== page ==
Newspaper Article: Coyote Attacks Dog

October 4, 2017 article in the Chronicle Herald about a dog surviving an attack, in it’s own backyard, by a coyote in Eastern Passage, NS. We see very few of these types of attacks, but I think the important things to note are that Coyotes have been heard in the area lately, the dog was off leash, and an e-fence was in use – that means the dog would be unlikely to leave the property but it does not stop wildlife or predators from coming onto the property.

The article references local wildlife experts who encourage folks to educate themselves on how to stay safe while living next to wildlife habitat (this dogs home is surrounded by woodland). We understand and appreciate that every situation is not avoidable and we are not pointing fingers. However, we do want people to learn from these experiences and to engage all possible preventative measures to keep their pets safe.

We wish Daisy a full and speedy recovery from her horrible experience.

Eastern Passage dog recovering after backyard coyote attack


Daisy recovers at home after major surgery resulting from a coyote attack in her backyard. (DAWN HARMES)


Dawn Harmes’s dog Daisy is facing a long recovery after a harrowing coyote attack.

Harmes let Daisy out of her Eastern Passage home for a little backyard exercise at about 6:45 Friday evening. There are extensive woods around the property but Harmes has an underground electric fence so Daisy won’t go too far.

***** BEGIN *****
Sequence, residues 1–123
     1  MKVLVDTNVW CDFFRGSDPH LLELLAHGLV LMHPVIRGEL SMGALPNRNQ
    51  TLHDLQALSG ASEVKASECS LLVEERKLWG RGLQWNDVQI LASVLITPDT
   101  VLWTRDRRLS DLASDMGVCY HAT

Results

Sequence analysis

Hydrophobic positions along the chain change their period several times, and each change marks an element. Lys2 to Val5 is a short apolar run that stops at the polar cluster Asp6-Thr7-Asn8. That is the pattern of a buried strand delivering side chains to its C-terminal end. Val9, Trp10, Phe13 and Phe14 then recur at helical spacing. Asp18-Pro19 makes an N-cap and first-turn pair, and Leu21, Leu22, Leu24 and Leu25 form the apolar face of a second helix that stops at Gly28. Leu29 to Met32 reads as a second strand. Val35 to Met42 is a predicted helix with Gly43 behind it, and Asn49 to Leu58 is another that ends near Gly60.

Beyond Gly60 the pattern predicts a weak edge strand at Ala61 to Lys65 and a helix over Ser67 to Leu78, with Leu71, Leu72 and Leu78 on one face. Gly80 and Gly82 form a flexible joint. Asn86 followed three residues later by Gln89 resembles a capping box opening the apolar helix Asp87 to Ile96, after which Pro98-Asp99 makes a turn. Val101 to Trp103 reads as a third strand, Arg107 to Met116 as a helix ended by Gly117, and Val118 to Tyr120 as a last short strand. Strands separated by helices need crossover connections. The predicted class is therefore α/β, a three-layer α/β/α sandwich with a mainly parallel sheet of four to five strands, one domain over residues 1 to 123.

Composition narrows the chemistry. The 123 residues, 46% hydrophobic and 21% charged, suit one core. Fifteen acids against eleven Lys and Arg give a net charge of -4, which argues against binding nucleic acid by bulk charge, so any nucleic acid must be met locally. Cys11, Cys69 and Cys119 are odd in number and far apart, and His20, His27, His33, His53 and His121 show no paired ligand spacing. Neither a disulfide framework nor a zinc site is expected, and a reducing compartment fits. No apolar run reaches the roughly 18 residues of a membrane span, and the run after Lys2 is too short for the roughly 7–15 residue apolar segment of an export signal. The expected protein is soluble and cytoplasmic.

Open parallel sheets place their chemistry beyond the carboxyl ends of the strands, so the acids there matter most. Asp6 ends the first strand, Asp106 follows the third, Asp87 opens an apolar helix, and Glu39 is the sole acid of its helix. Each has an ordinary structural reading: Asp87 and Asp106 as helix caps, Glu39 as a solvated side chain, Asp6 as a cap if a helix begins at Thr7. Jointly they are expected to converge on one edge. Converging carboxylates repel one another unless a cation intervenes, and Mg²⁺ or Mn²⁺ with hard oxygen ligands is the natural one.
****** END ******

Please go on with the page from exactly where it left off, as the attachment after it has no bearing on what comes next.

“The last month or so, I’ve been hearing the coyotes kind of on a regular basis at night,” Harmes said on Wednesday. “So the last week or so, I wasn’t letting her out by herself. I was either taking her out on a leash or I was going out with her.”

On Friday, she went out with Daisy but the dog wasn’t on a leash.

Daisy is a beagle-Jack Russell terrier mix and moves pretty fast.

“It was less than two minutes from going out the front door. I was looking . . . to see where she went and I heard her yelping.”

The attack

She started running toward where the yelping was coming from, and found Daisy with the coyote.

“She had gotten away from it, but I don’t know if she had done it on her own or maybe because I had started screaming and startled the coyote or what.

“The coyote, he didn’t even run. He turned and just walked back into the woods. (Daisy) ran to the house and I came running behind her.”

That’s when Harmes saw the trail of blood.

She didn’t know the extent of the injuries at the time, but knew it was bad. Too shaken to drive, she called her father, who lives nearby, to help her rush Daisy to the Eastern Passage Village Veterinary Hospital.

“I was standing in the doorway, waiting for my father to come get us, and the coyote walked across the front yard. It freaked me right out.”

Her father came within 10 minutes, though, and they took their wounded charge to the vet.

The aftermath